In 2006, in my first year of full-time ministry, I finally broke down and sought the help of a psychiatrist. After days of refusing to fill the prescription, I gave in and began my trek up the dosage ladder with Effexor while searching for a good therapist fit. By the time I found one, I was positive that my diagnosis was not Clinical Depression because I had planed and come close to executing my own suicide more times in that 3-month span on the meds than ever in all my ten years of struggling with what had originally been diagnosed as SAD.
So I trekked back to my family physician and asked for another psych eval because at that point, after many months of research, I was sure I had more than depression and was on the wrong medication. I received the diagnosis of BP II with elation (yay, we found the problem), and then eventual upset because it was incurable. If I sought medication, it would be all only serve to stabilize my moods for the rest of my life. This didn’t upset me as much as knowing that such a diagnosis would alienate me from my family. Most people pretending it was just stress chose the classical, “it’s-all-in-your-head” and others, “those-American-doctors-will-tell-you-anything-to-take-your-money.” I gave up trying to explain that wanting to kill myself was not a lifestyle choice I wanted to live with.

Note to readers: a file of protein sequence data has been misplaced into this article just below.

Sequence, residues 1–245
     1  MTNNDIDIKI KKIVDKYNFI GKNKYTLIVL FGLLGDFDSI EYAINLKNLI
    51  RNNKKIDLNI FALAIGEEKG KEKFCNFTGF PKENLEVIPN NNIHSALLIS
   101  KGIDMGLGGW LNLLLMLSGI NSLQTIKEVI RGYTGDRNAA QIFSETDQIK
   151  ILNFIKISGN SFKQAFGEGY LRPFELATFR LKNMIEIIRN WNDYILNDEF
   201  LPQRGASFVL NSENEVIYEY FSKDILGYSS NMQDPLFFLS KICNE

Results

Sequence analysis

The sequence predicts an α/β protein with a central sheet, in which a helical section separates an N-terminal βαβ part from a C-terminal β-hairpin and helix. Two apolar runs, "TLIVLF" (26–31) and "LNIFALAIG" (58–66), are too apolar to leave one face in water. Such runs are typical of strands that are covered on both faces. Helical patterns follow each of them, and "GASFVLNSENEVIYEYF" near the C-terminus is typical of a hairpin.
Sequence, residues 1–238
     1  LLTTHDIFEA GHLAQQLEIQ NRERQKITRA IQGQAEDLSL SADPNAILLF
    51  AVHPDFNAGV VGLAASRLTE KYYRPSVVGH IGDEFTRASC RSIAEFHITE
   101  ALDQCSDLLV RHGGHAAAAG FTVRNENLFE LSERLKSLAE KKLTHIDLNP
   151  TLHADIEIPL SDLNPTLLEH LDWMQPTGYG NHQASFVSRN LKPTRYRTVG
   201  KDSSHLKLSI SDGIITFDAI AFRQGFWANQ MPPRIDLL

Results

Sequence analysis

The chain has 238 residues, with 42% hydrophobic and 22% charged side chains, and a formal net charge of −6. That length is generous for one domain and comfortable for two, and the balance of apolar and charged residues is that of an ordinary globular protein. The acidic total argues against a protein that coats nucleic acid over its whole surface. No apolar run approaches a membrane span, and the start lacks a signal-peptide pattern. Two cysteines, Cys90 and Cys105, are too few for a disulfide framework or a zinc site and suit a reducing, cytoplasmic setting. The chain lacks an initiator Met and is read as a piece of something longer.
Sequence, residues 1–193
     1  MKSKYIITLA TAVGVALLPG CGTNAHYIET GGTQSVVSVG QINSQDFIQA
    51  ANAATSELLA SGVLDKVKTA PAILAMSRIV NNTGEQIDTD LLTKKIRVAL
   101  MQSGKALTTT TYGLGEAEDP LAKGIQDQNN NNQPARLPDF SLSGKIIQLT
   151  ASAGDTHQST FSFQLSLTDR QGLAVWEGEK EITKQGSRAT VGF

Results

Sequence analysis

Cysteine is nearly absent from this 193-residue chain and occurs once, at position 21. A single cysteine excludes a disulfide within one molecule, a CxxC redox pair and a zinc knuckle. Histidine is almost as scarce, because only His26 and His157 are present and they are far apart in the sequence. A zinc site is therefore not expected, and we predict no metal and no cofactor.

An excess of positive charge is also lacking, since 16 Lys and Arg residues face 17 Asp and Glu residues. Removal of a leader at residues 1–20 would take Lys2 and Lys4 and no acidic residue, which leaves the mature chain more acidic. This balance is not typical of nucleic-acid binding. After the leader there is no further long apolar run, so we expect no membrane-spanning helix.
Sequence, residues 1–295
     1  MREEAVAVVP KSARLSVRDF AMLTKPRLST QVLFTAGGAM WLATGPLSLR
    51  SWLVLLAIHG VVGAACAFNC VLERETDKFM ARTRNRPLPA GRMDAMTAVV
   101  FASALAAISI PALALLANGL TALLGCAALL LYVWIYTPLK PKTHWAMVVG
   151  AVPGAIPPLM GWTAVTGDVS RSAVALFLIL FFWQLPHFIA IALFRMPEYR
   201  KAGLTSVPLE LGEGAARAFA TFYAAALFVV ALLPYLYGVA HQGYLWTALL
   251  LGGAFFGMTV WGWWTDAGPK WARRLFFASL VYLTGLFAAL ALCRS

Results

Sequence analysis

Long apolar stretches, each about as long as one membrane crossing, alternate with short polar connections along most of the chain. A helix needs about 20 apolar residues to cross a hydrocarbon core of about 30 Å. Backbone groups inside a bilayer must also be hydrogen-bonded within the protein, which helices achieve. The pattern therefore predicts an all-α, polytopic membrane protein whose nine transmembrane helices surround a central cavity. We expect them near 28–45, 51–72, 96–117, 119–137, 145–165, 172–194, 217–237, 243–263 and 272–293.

Fast forward to first semester in my second Masters program. I ran into a group of bisexual women, most of whom oddly enough also happen to have been diagnosed with BP or Clinical Depression. Needless to say we bonded and became each other’s support systems. For the last few months, I’d been discussing quitting my meds entirely. They had been advising against it, going “cold turkey” they said, was no good. I’ve never felt so irritated by the diagnosis until recently. I’ve been medicated for the last five years. Why am I suddenly needing a change? Was this a sign of perfect health or another sign of a mood change? Em pleaded with me recently to begin by lowering my dose gradually rather than skipping entire days as I had been doing lately in my irritation at feeling imprisoned. Was this behavior symptomatic of the Bipolar disorder?